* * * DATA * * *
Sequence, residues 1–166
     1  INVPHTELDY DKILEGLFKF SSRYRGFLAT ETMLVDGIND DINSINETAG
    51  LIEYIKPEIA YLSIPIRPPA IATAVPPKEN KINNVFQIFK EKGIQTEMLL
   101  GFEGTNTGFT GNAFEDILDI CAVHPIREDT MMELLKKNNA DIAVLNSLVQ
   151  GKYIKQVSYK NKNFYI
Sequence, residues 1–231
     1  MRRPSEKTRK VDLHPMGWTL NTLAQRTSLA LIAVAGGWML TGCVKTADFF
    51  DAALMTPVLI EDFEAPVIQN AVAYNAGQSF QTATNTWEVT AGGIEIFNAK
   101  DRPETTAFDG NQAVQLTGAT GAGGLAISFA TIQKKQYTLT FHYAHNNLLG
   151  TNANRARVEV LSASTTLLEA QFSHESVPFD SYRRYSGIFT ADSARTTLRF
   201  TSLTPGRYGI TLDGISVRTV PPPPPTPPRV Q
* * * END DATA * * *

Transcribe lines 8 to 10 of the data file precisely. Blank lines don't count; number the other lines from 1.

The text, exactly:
    51  DAALMTPVLI EDFEAPVIQN AVAYNAGQSF QTATNTWEVT AGGIEIFNAK
   101  DRPETTAFDG NQAVQLTGAT GAGGLAISFA TIQKKQYTLT FHYAHNNLLG
   151  TNANRARVEV LSASTTLLEA QFSHESVPFD SYRRYSGIFT ADSARTTLRF